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Old 05-23-2016, 04:26 PM   #1
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Is there a trick to checking rear tire pressures

Anyone know of a way to check the rear inside tire pressures. Neither of the inside tire extenders work at all. We can't get a reading.
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Old 05-23-2016, 07:54 PM   #2
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HERE is a blog post on hose extenders. Note the outer ends are firmly attached (pop rivets)

You can send me email if you need faster reply. Email is posted under my picture on the blog.
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Old 05-23-2016, 08:07 PM   #3
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Quote:
Originally Posted by Tireman9 View Post
HERE is a blog post on hose extenders. Note the outer ends are firmly attached (pop rivets)

You can send me email if you need faster reply. Email is posted under my picture on the blog.
Could not open your blog post.
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Old 05-23-2016, 08:32 PM   #4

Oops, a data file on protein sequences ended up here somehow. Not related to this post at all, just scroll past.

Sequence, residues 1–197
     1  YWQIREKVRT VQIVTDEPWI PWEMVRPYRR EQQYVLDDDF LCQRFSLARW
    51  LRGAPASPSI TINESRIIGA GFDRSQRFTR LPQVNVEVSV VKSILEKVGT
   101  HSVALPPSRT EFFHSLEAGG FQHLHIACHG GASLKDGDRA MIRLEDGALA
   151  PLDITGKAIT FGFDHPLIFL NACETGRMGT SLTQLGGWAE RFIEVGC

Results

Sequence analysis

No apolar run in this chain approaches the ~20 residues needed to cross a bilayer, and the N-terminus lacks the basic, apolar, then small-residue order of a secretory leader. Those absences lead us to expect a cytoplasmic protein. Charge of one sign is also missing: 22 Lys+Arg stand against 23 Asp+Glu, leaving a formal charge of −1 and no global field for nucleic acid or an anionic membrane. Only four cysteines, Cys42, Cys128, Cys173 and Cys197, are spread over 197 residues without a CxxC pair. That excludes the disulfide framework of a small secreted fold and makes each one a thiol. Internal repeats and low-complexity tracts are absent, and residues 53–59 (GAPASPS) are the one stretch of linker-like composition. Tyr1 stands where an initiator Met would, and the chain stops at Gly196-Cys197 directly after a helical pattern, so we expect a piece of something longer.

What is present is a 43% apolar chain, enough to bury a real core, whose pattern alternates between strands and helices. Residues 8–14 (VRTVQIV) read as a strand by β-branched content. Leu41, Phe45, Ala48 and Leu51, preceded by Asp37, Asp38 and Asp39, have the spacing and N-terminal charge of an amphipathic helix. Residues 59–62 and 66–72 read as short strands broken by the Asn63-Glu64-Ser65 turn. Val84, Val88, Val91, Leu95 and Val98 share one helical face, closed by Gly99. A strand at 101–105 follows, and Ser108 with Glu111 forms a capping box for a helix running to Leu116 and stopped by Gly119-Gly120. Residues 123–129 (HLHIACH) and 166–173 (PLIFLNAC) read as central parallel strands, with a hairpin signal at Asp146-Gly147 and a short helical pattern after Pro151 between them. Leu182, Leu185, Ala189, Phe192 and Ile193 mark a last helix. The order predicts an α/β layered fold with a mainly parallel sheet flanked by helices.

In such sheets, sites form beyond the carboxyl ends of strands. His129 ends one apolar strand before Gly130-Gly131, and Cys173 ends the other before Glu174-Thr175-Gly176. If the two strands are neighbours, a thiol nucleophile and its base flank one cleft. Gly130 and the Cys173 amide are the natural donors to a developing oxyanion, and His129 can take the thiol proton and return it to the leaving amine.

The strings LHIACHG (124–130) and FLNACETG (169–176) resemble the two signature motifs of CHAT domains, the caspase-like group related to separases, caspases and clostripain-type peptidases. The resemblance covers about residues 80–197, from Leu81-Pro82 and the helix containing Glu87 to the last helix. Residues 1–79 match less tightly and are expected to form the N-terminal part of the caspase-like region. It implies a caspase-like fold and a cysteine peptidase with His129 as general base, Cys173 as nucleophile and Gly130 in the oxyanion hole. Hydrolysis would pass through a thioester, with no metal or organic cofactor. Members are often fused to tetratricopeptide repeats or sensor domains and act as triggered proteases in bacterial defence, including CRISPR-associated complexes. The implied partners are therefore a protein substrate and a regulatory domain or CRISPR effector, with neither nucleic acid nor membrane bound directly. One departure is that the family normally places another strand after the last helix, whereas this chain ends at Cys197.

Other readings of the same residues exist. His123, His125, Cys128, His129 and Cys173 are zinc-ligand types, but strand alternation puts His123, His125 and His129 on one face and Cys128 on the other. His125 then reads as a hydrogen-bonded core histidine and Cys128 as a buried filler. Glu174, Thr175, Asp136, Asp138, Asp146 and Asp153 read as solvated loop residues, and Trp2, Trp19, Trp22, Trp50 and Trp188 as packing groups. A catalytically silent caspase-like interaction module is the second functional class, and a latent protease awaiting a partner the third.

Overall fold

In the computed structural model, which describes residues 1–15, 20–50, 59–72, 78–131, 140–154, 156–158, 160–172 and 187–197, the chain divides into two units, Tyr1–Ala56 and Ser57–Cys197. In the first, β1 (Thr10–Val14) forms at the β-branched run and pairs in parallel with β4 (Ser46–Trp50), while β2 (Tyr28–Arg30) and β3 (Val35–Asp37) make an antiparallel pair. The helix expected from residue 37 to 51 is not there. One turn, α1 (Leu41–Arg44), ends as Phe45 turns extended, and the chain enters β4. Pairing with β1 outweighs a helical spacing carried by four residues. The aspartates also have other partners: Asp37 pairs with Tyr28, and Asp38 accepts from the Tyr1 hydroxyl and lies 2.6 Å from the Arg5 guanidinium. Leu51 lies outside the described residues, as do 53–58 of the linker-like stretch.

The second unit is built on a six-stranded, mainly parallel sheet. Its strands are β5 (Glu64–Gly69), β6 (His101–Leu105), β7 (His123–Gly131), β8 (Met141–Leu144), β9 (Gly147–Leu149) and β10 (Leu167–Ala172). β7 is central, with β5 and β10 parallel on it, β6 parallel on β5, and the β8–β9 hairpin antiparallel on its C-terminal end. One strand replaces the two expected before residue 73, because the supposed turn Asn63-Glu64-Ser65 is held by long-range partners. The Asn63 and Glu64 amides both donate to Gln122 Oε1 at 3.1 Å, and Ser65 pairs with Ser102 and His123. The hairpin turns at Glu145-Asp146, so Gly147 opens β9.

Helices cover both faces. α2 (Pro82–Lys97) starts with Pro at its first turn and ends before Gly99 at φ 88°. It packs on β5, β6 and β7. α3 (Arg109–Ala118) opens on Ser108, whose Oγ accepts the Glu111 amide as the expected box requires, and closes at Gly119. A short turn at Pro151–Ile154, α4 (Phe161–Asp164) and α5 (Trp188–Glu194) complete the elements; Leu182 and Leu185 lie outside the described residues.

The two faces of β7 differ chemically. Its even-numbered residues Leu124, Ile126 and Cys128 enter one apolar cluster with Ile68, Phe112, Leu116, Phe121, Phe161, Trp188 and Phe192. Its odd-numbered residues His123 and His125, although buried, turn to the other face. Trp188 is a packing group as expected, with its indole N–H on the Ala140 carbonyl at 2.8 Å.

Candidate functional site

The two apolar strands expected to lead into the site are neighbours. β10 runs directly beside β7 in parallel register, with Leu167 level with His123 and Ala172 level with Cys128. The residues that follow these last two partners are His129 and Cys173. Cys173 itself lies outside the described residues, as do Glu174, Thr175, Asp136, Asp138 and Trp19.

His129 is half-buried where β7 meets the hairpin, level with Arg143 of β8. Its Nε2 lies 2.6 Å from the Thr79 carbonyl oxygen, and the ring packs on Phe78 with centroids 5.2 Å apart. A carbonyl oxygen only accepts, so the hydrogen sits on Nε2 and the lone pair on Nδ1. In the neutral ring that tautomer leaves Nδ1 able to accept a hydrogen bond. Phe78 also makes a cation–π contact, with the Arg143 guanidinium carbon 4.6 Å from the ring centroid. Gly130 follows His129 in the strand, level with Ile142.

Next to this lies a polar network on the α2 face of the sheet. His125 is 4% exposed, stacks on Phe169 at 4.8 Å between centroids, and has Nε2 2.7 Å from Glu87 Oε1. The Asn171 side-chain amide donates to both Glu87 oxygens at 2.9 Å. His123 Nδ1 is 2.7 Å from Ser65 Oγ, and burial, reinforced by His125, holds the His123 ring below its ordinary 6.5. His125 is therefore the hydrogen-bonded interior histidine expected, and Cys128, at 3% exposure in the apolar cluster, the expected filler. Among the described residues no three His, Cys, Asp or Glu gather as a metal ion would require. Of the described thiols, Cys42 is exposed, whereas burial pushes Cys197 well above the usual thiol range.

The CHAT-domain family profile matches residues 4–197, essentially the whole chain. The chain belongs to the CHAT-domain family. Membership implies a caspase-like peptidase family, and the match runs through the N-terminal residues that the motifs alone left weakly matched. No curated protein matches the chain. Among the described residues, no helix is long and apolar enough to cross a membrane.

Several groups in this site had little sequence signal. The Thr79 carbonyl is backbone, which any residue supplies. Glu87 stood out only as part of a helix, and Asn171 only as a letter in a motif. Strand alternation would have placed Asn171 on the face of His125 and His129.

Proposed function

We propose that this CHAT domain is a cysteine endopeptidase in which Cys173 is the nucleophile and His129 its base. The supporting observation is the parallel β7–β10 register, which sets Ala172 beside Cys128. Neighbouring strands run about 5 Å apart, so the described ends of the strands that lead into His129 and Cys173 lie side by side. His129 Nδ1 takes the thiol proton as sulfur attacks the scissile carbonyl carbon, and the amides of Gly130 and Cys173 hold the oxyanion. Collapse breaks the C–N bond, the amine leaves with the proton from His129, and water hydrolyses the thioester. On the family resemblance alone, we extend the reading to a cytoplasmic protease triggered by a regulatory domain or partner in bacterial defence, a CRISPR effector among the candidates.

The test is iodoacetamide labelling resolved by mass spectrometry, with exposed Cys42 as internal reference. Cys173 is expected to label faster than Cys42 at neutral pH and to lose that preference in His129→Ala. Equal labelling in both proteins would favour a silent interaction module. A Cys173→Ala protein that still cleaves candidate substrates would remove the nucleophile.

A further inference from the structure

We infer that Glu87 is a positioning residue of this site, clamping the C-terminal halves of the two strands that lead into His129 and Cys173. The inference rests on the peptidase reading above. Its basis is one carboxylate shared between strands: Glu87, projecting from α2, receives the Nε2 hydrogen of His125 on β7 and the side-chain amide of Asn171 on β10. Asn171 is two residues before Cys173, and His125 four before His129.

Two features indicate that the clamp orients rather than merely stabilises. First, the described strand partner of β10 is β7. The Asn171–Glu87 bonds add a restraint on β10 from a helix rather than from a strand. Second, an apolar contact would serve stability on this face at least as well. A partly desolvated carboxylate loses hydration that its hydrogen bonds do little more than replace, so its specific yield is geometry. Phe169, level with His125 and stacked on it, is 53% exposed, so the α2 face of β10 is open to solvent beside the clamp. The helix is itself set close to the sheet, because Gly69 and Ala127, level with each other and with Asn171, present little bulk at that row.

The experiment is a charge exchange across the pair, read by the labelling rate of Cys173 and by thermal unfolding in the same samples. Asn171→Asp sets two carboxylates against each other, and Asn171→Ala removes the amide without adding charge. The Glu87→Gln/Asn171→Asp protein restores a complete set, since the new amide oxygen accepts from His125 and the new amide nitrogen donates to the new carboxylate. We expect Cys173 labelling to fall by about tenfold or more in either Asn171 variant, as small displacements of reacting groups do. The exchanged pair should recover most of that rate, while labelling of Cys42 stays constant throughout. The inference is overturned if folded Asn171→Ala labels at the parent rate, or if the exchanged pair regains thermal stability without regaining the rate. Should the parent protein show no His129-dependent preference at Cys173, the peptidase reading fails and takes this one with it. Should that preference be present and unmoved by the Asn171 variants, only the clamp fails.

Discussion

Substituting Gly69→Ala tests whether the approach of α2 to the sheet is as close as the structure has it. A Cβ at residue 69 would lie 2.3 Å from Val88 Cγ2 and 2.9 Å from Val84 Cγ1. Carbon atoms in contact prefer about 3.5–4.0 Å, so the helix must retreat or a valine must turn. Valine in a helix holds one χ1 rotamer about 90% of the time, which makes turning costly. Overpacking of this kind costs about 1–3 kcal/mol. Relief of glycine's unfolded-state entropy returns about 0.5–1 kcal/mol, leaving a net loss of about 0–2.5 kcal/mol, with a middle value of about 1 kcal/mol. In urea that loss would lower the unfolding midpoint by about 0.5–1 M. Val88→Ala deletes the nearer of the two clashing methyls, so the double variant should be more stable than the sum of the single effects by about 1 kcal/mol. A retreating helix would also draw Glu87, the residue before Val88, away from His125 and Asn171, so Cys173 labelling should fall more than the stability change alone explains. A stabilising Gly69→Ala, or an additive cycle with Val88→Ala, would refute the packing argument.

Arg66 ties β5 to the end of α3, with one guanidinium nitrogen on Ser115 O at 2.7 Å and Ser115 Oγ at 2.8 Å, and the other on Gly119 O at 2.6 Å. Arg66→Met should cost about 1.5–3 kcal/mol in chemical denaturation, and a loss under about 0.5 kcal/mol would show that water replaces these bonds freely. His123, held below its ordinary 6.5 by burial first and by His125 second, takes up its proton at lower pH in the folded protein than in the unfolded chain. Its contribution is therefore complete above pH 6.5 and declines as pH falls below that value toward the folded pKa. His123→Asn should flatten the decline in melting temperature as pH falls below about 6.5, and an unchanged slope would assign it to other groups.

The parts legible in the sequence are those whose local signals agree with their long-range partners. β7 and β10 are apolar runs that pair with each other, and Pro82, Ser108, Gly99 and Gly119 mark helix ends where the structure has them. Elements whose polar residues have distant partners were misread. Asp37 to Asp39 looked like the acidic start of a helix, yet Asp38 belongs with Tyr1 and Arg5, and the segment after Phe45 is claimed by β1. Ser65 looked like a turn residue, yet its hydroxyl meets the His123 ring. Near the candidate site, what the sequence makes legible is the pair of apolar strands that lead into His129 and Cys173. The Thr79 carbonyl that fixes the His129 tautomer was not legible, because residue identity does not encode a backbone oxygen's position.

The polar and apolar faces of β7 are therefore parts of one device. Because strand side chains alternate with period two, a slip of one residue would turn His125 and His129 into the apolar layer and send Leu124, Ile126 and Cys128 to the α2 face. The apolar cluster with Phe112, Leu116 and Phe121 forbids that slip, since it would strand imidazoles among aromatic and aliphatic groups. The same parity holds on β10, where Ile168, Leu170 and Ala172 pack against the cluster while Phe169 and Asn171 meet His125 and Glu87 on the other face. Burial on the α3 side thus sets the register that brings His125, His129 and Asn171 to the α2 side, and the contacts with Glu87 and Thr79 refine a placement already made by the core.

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Sorry. Try it now.
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Old 05-24-2016, 01:57 PM   #5
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Mgs Forrester valve stems

If they are still using the limp fiberglass valve stems, ditch them and get steel. The originals were nothing but trouble.
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Old 05-24-2016, 03:55 PM   #6
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13STL, my dual extenders wouldnt let me check pressure either. I took my extenders off and use a truck chuck/gauge with a straight end. Works great to check and add air. The simulators had to come off to get my hand through to remove them, but once off, I put the factory caps back on and reinstalled the sims. I can now check and add with Sims on.
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Old 05-24-2016, 04:24 PM   #7
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I use extenders, but in a different way. On our old Four Winds/Ford, it had the tiny "hand" holes (The ford "engineer" who came up with these should be made to check every RV in the world) so I had to come up with another method without using permanently installed extenders.

Here's the tools:



Short permanent extension on outer dual - I had rubber valves, so I added a small support wire: